Pavilion not yet ready for close-up: Debut screening at theater canceled, but reps say it will still open this year

It’s lit-erature! Artists adorn Pavilion Theater’s marquee with movie-inspired poems
Nitehawk Cinema

Park Slope cinephiles will need to wait a bit longer to get their first peek inside the newly restored Pavilion Theater, after Nitehawk Cinema bigwigs quietly canceled the debut November screening set for the ancient movie house they are currently restoring, and moved it to the company’s Williamsburg location instead.

Nitehawk brass relocated the Nov. 12 event that will close its forthcoming seven-day short-film series, the Nitehawk Short Festival, from the Prospect Park West flick palace to their Metropolitan Avenue flagship, but a spokeswoman provided few details on what led to the move, other than that owners are “waiting on a few finishing touches” before revealing the revamped theater to the public.

Bigwigs at Nitehawk began their gut renovation of the beleaguered Pavilion, once the rumored home of a blockbuster bed-bug infestation, after leasing it from a group of investors that in 2016 bought the 90-year-old movie house — which opened as the Sanders Theater in 1928 — for $28 million from developer Hidrock Properties.

The developer sold the site after abandoning a Landmarks Preservation Commission–approved plan to turn the theater, which sits in the protected Park Slope Historic District Extension, into a condo building.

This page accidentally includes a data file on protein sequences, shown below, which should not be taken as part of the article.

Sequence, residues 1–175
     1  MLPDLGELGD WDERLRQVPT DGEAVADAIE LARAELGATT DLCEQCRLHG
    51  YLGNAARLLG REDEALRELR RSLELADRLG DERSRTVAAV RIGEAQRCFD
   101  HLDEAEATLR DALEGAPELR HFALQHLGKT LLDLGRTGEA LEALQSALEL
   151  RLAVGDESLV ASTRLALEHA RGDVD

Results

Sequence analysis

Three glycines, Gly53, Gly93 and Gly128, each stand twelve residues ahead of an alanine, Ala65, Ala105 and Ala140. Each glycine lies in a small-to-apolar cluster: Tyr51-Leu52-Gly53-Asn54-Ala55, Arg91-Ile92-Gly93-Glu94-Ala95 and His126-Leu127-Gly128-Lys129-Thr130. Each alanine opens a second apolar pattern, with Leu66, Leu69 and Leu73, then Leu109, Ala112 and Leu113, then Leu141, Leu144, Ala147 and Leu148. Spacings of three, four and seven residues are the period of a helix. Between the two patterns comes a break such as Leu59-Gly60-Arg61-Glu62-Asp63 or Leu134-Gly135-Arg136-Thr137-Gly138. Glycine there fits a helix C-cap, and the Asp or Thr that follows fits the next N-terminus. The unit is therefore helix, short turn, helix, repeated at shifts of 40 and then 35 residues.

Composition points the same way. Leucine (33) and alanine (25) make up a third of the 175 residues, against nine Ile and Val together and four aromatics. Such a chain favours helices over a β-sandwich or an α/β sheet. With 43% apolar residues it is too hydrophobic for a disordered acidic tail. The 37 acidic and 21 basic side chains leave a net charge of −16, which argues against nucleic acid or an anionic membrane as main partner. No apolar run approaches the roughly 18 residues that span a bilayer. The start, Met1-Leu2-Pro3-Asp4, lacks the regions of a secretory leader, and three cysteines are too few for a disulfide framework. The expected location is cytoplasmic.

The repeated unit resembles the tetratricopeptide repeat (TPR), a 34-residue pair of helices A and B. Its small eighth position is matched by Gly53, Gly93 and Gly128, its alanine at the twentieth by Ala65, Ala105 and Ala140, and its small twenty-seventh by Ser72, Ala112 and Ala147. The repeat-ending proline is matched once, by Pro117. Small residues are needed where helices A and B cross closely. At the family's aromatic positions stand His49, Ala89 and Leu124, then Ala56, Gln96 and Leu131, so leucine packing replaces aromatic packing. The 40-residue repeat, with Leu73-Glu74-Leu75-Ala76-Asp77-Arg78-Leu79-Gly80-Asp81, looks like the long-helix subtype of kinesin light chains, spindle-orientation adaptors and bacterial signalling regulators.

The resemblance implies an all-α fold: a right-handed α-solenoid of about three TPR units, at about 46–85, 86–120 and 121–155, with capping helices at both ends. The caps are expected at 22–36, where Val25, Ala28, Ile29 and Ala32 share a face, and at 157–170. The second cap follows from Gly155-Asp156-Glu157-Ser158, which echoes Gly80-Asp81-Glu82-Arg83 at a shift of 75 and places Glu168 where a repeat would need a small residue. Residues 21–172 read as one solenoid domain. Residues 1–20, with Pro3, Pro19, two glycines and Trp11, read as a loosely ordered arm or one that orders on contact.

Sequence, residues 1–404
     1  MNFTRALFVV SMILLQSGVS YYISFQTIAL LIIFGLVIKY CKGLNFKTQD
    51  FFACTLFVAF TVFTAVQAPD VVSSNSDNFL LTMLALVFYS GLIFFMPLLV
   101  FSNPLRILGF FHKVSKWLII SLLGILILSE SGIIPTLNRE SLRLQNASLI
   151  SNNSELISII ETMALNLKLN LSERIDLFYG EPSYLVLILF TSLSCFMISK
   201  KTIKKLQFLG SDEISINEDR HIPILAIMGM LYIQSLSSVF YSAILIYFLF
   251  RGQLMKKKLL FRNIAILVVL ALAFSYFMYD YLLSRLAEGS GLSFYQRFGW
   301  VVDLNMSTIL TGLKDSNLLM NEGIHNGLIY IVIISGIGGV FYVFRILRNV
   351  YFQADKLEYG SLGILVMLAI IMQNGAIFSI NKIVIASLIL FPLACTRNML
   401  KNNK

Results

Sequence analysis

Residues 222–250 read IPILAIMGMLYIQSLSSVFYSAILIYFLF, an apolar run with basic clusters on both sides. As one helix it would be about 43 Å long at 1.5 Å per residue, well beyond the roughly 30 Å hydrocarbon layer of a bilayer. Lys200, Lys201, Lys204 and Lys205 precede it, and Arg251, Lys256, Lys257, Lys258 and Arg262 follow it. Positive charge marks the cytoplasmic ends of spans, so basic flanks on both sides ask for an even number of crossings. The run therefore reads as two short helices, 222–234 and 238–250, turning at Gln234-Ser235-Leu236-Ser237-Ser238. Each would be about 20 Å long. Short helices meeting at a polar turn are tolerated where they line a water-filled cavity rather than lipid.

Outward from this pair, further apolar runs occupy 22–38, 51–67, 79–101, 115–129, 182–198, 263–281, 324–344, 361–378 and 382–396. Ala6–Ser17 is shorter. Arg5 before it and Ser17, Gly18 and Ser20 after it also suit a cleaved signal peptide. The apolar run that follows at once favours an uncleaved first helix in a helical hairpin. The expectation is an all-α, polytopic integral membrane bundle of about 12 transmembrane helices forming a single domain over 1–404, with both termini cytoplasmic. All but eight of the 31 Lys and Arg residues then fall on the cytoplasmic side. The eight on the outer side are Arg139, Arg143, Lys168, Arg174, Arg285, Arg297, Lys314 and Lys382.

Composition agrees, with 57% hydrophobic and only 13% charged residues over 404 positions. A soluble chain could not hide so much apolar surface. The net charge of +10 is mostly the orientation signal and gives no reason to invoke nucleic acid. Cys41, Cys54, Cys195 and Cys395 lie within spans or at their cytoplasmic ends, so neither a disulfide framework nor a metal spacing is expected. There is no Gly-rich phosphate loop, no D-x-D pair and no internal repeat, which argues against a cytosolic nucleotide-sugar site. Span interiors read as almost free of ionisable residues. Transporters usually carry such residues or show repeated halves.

Nitehawk owner Matthew Viragh originally touted an early 2018 premier for the new Pavilion, which he is renaming Nitehawk Prospect Park, but later pushed the opening date to the end of this year after workers uncovered long-lost architectural elements from the theater’s original incarnation amid their renovation.

Earlier this month, Nitehawk spokeswoman Deanna Noke claimed the movie house was on track for a late October or early November opening.

And when asked about that timeline following the sudden change of location for the Nov. 12 screening, she said ongoing construction led brass to relocate the event, which she claimed “was never a sure thing,” and that the theater is set to open before the end of the year.

Reach reporter Colin Mixson at cmixs[email protected]glocal.com or by calling (718) 260-4505.
A view to the past: Workers discovered this original balcony hidden between the first and second stories of the Pavilion Theater during demolition work at the historic cinema.